With all our wedding guests departed I have left the garden for a few days!
I have been looking forward to thinking about design and pedagogy.
Social Networks and Learning Design and followed up with her New Schemas for Mapping Pedagogies and Technologies. The key messages for me in her papers are:
- Affordance (Conjecture: I noticed in the New Schemas paper a reference to trial-and-error learning. I wondered if affordance was better supported by trial and improvement and dynamic evaluation pedagogy?)
- Effective application of web 2.0 principles can provide a means of addressing the lack of uptake and sharing of learning and teaching ideas and design.
- The fundamental gap between the rhetoric of the potential of technologies and actual practice is a central challenge in current learning design research.
- Understand, visualise, guide, share are important verbs in the design process.
(Diversion: Jyri Engeström, social objects, sacred objects, Martin Weller, “The most important word on the internet is “Share””)
- Cloudworks is designed to apply the best in web 2.0 principles to encouraging sharing and reuse of designs, so that the site can have critical mass and be sustainable through end-user engagement and contribution. The site is made up of a range of ‘social objects’ associated with learning design – which includes learning designs but also tools and resources associated with the design process and creating learning activities and profiles of individual users and communities.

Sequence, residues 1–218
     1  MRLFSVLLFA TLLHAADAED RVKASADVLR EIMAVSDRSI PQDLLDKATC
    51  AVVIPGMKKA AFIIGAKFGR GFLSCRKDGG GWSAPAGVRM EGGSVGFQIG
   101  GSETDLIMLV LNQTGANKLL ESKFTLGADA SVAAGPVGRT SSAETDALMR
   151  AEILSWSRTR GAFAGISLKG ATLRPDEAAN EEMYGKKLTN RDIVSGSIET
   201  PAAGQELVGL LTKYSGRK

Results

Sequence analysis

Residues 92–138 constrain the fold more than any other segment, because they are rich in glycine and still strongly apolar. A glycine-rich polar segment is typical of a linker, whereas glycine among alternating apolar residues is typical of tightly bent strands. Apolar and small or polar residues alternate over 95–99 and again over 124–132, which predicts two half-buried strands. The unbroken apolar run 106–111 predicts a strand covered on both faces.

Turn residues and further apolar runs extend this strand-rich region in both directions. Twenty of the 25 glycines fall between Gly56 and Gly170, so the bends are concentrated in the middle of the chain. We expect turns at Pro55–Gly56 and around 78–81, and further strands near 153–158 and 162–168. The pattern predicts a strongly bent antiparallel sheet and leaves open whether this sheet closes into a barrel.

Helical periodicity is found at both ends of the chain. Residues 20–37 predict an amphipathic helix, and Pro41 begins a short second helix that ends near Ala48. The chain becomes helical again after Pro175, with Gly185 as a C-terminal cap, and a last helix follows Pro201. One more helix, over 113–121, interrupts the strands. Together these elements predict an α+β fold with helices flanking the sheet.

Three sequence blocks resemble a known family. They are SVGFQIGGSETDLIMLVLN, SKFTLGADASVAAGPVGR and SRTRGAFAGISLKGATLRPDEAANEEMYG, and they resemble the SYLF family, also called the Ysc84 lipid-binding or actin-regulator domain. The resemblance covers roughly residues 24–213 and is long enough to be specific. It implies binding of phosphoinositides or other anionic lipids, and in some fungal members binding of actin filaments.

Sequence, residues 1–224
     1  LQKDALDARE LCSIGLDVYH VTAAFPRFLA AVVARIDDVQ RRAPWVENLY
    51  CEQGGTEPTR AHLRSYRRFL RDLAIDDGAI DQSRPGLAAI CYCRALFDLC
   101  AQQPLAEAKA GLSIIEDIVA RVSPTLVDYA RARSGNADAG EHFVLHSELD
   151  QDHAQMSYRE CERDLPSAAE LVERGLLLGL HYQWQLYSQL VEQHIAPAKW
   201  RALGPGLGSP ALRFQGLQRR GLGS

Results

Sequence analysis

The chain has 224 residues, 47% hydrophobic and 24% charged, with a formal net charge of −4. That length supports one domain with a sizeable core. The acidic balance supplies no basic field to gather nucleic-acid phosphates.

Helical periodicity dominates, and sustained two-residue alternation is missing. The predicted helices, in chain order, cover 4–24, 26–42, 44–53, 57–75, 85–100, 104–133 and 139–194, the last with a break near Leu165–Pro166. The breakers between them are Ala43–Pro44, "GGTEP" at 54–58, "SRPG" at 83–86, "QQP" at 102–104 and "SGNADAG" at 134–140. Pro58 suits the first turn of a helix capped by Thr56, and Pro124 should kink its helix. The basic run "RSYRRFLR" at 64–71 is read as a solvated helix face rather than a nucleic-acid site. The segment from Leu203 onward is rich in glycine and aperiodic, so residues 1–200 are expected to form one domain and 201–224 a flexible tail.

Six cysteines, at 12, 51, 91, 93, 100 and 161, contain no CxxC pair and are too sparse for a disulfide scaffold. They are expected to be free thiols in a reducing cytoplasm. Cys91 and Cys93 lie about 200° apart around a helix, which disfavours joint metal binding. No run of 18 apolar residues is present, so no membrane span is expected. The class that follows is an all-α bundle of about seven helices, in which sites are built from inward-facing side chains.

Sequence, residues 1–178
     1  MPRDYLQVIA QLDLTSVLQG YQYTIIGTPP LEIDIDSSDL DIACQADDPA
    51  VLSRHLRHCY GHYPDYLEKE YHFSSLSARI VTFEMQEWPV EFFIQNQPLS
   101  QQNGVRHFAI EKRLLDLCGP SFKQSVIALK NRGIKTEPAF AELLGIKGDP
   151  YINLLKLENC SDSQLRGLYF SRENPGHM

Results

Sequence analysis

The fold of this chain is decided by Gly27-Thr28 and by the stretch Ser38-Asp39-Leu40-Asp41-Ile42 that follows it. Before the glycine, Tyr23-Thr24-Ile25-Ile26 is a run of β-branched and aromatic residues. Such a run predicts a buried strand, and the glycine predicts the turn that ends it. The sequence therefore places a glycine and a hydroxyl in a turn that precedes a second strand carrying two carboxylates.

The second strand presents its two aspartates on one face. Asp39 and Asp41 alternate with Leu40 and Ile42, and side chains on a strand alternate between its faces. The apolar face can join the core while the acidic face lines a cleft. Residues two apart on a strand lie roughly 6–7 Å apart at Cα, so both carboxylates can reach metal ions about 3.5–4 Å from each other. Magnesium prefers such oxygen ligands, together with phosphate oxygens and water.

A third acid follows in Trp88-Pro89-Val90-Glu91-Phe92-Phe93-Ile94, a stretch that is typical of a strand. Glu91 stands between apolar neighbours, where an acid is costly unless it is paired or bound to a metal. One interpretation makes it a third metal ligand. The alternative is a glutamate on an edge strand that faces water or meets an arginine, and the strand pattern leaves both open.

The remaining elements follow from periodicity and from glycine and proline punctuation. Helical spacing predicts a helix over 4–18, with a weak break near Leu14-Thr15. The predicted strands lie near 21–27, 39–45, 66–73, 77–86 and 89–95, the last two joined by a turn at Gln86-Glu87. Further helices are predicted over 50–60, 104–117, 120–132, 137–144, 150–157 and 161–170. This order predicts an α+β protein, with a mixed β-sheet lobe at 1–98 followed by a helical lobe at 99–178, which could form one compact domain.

- Find mechanisms to connect communities, so that the drive and momentum is around the communities and the technology is a seamless interface.
I followed up Gráinne’s papers by listening to George’s
Instructional Design and Connectivism presentation. His train analogy provided a journey for me that encouraged me to think about attributes of learners, interconnectedness, ecological validity and viability, context, effort and distributed approaches. I spent some time thinking about patterns, wayfinding and sense making whilst contemplating Slide 16.
My thinking about this week’s readings is focusing on time. George includes this in part in Domain 1 in Slide 16. I think Gráinne alludes to this throughout her papers but explicitly in the drive required to build learning communities. The diversions I refer to in this post have helped me ground my thoughts about time and the role designers have in distributed approaches.
My thinking is that affordance, trial and improvement are essential ingredients of dynamic learning environments. I realise that I am strangely attracted (in a chaos sense) to making time to mash social objects to create my own personal learning environment that might enrich the learning experiences of others. This week’s readings have encouraged me to think how I develop a wiki for a sporting community that embeds social objects for those who have teachable moments and are ready to learn.
I am looking forward to Thursday’s (Australian time) Elluminate session with Gráinne. Australian time is a good context for thinking about time. The collected readings in Gadi Mirrabooka point out that:
The Dreaming stories are not specifically related to time, as time was not important for the story to become part of the oral tradition. The important issue is the event, which occurred and affected the people, the land and the culture.